By Tim Johnson
FORT WAYNE — Parishioners, religious, friends and families filled the pews of the Cathedral of the Immaculate Conception on Dec. 10 in a solemn vespers service to honor seven monsignors and a Notre Dame theology professor who was made a Knight of St. Gregory.
In his homily, Bishop John M. D’Arcy commented that these honors are beautiful and accepted in humility. “They link the presbyterate, that is the college of priests, closer to the Holy Father. And they hold up,” Bishop D’Arcy said, “and bring to the light the work of the particular priests. For example, two of the priests are rectors of our cathedrals.”
Bishop D’Arcy referred to Msgr. Robert Schulte at the Cathedral of the Immaculate Conception in Fort Wayne and to Msgr. Michael Heintz at St. Matthew Co-Cathedral in South Bend.
“Both cathedrals are places that went through the dryness period in the use of the sacrament of penance,” Bishop D’Arcy noted. “Remember the words of John Vianney, ‘No pastor can ever accept empty confessionals.’”
The two cathedrals, Bishop D’Arcy said, “are noted for the regular practice of the sacrament of penance and is there anything more central to the mission of Jesus Christ than the forgiveness of sins — for he is our Redeemer — and that forgiveness is exercised through the ministry of the priest.”
The pastors of the two largest parishes in the diocese — Msgr. William Schooler at St. Pius X in Granger and Msgr. John Kuzmich of St. Vincent De Paul in Fort Wayne — were honored. “It isn’t just because they are the two largest parishes in the diocese, it is because of the vitality that has come forth from both pastor and flock,” he said.
“These two parishes both live the spirit of sacrificial stewardship, something so alien to the culture today,” Bishop D’Arcy said, “that large amounts of their resources are given away.”
He said these parishes show vitality through instruction, outreach, evangelization, as well by their sizes. “And so those parishes are honored and held up,” he said.
Also honored was Msgr. Bruce Piechocki of the diocesan Marriage Tribunal, “which defends marriage — defends the permanence of marriage, and that communion of life with love which is marriage,” Bishop D’Arcy said. “It defends marriage’s fidelity. It defends against an alien culture that marriage is one man and one woman, a sacrament forever.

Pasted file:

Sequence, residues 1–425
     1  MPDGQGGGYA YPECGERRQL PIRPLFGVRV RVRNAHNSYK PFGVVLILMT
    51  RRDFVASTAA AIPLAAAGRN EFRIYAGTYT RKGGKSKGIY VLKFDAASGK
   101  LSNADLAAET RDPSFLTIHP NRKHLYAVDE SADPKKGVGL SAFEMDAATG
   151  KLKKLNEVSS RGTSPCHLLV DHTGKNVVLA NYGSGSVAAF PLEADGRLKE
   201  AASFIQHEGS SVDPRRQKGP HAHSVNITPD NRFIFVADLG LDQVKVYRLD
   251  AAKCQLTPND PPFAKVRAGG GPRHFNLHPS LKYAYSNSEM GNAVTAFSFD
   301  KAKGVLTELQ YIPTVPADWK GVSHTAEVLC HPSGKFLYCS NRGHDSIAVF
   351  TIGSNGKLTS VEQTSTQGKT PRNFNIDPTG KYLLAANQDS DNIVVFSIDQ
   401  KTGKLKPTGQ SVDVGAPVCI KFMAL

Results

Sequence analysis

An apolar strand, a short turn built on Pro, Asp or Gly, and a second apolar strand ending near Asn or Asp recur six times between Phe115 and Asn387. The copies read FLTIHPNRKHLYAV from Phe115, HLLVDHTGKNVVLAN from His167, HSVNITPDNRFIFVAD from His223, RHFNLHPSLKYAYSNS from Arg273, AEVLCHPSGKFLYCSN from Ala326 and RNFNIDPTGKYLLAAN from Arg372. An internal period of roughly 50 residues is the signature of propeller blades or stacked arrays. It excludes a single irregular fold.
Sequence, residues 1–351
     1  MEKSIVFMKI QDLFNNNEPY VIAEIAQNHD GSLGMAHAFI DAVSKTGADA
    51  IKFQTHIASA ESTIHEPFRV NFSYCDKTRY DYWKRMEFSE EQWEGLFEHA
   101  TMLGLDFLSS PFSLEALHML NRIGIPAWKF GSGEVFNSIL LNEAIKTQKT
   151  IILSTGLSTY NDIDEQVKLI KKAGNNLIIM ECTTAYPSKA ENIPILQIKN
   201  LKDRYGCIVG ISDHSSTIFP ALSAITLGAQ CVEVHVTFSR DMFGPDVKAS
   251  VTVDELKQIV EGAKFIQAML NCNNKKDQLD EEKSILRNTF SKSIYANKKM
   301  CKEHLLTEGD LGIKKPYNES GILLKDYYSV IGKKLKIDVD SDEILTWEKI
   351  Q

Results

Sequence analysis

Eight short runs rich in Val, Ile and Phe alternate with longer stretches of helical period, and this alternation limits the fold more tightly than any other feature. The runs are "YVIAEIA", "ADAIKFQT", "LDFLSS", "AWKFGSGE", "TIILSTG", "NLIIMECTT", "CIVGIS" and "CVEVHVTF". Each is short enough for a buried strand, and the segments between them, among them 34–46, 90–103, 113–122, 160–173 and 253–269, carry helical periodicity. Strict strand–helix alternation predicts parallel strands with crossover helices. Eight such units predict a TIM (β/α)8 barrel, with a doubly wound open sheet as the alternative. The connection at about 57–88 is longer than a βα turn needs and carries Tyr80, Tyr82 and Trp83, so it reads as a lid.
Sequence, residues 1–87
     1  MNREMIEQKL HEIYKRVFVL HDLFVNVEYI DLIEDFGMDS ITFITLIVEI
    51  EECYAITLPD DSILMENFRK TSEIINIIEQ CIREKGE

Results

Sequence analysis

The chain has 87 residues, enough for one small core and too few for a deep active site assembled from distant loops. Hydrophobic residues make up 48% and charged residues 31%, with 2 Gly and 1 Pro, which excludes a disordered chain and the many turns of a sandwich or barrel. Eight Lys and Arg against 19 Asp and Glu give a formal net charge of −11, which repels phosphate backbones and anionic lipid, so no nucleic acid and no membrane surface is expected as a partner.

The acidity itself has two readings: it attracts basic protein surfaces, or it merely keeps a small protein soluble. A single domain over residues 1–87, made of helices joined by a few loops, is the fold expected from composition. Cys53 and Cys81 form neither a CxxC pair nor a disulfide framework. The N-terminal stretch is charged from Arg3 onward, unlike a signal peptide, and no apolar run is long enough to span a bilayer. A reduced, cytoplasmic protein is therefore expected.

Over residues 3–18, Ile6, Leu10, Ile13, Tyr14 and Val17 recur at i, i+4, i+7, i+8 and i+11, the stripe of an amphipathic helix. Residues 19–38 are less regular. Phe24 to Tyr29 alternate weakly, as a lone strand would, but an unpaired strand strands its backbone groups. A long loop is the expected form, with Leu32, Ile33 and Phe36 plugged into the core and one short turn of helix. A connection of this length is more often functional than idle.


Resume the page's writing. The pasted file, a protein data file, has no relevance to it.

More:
“These are vital things in the church,” Bishop D’Arcy said, “and our great gift that we give to the culture. So the priest responsible for strengthening that life, that respect for marriage, is also honored because of the essential nature of that work.”
Another diocesan office, the Office of Vocation, director Msgr. Bernard Galic was honored for his work, especially through “the particular pain that fell upon our church,” the bishop noted. “The director of our Office of Vocations kept laboring, kept seeking young men who would look on this life as a gift of God, look upon it as a great adventure with Jesus Christ, and learn that for him, for that young man, was the greatest, most beautiful thing he could do for his life.”
Bishop D’Arcy said, “not only should (Msgr. Galic) be held up, but that work should be held up, strengthened and disciplined and made more beautiful.”
Referring to Msgr. Raymond Balzer, Bishop D’Arcy said, “We are always in debt to the priests who are retired, who go out ceaselessly to parishes to help out with confessions or Mass so that the work of Jesus Christ might continue in this difficult time.”
Msgr. Balzer was unable to attend the solemn vespers service, but Bishop D’Arcy noted, “I never met a man who had more of the soul of the priesthood in his heart. He is honored that all retired priests must also be honored.”
Professor John Cavadini, chair of the theology department at the University of Notre Dame, was recently honored as a Knight of St. Gregory, (the pope known as a magnificent reformer of the church) and also named by the pope to the International Theological Commission.
Those are the theologians “closest to the pope,” Bishop D’Arcy said, “who advise him how the church should ponder the great issues of the time and give an answer as faithful to the Gospel but will nourish our faith, hope and love of the men and women of this time.”
Professor John Cavadini was honored at the solemn vespers service Dec. 10. Dr. Cavadini is the chair of the University of Notre Dame Theology Department and was recently named to the Order of the Knights of St. Gregory the Great, which was founded in 1831 and is give for conspicuous service to the church and society.
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